Before we can finally stop arguing with one another about whether La La Land is good or not or if Moonlight is “implausible” (it’s not) and look ahead to what 2017 will offer, the Oscars will serve as one last hurrah for the endless cycle of predictions, debates, and endless complaints about all the movies that were included and omitted.
But before the arrival of the glitz, glamour and golden statues mark the biggest night of awards season, IBTimes UK attempts to predict who will win big on the night in certain categories.
Barry Jenkins did a masterful job of telling “Moonlight’s” story, and he made one of the best films of 2016. Iranian director Asghar Farhadi, whose movie The Salesman is nominated for Best Foreign Language Film, is refusing to attend following President Donald Trump’s travel ban for citizens from Muslim-majority nations.
It’s not exactly going out on a limb to predict that the Oscar telecast will be overlong.
Writing for The Conversation, he said: “The Oscars are chosen by more than 6,000 voting members of the 17 branches of the Academy of Motion Pictures and Sciences”.
When all is said and done, this is really the thing people like to talk about the most following the Oscars.
Mia (Emma Stone) and Sebastian (Ryan Gosling) in “La La Land”.
I’d love to see Jeff Bridges win for “Hell or High Water”.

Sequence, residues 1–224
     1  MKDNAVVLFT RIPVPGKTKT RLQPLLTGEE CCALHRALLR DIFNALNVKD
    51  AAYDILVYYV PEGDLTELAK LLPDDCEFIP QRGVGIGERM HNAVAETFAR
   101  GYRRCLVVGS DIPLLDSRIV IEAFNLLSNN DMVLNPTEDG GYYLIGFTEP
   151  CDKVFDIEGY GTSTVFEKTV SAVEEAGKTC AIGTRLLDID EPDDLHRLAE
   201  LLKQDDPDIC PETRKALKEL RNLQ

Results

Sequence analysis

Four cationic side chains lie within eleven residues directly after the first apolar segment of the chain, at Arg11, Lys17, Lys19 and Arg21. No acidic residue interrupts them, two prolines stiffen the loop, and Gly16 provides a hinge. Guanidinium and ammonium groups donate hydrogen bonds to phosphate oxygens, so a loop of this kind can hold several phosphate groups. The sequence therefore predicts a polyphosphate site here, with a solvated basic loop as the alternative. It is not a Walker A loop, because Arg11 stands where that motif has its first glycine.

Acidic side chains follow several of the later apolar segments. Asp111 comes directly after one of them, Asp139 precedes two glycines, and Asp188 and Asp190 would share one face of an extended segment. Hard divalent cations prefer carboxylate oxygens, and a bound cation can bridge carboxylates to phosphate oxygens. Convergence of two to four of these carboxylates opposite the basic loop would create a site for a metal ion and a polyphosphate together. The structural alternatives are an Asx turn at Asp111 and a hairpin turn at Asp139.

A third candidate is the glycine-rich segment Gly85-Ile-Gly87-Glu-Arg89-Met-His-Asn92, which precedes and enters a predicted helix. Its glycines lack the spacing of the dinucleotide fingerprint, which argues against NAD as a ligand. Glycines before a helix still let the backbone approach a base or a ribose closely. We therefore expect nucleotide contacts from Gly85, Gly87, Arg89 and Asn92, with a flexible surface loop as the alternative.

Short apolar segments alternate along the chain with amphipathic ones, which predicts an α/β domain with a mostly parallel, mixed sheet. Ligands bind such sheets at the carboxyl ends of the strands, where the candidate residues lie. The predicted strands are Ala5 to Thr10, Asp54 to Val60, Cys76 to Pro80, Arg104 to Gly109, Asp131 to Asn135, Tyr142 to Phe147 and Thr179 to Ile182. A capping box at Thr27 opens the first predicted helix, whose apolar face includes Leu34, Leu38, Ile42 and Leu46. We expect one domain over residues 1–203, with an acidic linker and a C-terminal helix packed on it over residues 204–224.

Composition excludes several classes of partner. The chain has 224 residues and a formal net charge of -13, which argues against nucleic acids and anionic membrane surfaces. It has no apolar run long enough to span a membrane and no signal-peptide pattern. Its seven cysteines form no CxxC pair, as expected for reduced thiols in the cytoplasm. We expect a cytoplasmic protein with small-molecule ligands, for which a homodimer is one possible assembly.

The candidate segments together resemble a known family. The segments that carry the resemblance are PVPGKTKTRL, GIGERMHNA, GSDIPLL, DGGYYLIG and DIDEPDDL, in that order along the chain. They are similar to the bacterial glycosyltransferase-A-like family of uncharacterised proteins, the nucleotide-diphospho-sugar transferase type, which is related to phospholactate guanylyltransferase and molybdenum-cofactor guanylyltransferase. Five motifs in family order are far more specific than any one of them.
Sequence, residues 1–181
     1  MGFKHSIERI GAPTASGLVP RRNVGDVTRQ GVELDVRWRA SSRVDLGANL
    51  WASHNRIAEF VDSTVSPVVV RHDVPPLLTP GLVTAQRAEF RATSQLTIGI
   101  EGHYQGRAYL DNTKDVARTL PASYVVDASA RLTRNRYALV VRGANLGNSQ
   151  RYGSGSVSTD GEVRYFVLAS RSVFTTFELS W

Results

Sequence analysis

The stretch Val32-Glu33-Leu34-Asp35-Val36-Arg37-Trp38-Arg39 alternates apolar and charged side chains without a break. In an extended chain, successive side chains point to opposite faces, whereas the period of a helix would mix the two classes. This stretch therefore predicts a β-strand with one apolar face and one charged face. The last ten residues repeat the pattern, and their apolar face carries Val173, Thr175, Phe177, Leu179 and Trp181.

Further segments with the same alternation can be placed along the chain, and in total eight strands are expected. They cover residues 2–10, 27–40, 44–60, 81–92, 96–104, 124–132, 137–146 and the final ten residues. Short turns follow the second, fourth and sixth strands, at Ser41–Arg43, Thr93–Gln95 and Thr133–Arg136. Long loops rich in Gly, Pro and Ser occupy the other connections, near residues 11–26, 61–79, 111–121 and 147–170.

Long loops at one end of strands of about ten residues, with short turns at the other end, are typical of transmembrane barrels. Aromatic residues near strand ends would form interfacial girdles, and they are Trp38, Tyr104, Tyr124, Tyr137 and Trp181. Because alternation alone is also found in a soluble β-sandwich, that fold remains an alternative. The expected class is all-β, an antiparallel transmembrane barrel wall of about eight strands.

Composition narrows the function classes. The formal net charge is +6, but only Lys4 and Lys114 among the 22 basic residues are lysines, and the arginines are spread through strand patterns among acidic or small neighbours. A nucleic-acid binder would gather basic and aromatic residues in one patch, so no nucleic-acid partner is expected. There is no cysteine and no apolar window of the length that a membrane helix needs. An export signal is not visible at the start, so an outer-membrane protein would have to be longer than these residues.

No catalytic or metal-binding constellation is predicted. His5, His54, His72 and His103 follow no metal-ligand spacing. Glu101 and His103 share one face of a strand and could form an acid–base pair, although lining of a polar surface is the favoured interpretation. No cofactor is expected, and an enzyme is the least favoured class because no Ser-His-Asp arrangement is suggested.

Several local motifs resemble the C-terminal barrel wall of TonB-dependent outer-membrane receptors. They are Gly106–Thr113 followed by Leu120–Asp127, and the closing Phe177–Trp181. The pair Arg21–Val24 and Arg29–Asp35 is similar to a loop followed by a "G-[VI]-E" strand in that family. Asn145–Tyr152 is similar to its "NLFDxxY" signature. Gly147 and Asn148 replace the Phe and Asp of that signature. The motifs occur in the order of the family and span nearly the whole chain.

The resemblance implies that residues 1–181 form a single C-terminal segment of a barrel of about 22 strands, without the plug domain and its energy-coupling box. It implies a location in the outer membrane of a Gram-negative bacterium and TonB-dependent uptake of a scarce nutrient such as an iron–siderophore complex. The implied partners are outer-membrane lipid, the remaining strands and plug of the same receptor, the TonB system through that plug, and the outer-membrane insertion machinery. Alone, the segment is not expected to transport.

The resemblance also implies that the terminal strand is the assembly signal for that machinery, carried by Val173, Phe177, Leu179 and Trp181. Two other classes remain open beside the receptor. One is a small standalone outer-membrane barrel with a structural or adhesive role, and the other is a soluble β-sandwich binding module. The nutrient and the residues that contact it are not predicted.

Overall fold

“Similarly, Mahershala Ali for Supporting Actor in Moonlight, and Viola Davis for Supporting Actress in Fences look to have every reason to feel confident”.
But given it’s only up for three Oscars in total (Picture, plus Adapted Screenplay and Supporting Actress for Octavia Spencer), it would be a major upset if it won the top prize. It primarily involves defacing Matt Damon’s seating card and plotting ways to keep Damon from winning as a producer for the drama “Manchester by the Sea”. One of the more memorable moments occurred in 1978 when Vanessa Redgrave won best supporting actress for “Julia” and used her acceptance speech to condemn the “Zionist hoodlums” that had been campaigning against her because of her pro-Palestinian views. But there are some tight races to be found elsewhere, so below I run down my picks for who’s going to win every category while also offering up who could win, should win, and should have been nominated. Given both it’s critical acclaim and box office success; expect it to get the most attention on the broadcast as well as be the big victor.
BEST DIRECTOR: La La Land’s Damien Chazelle seems set to win this one, too.
And, as The Hollywood Reporter previously reported, Bonnie and Clyde stars Warren Beatty will celebrate the 50th anniversary of the film’s release by co-presenting the best picture Oscar. And anyone who thinks they know what pictures will win the three short film categories is kidding themselves – there are no boxes and wheels in Oscar betting, so any guess is a good play.
And Academy president Cheryl Boone Isaacs told Sky News she will not condemn stars who use the Oscars platform to make political points.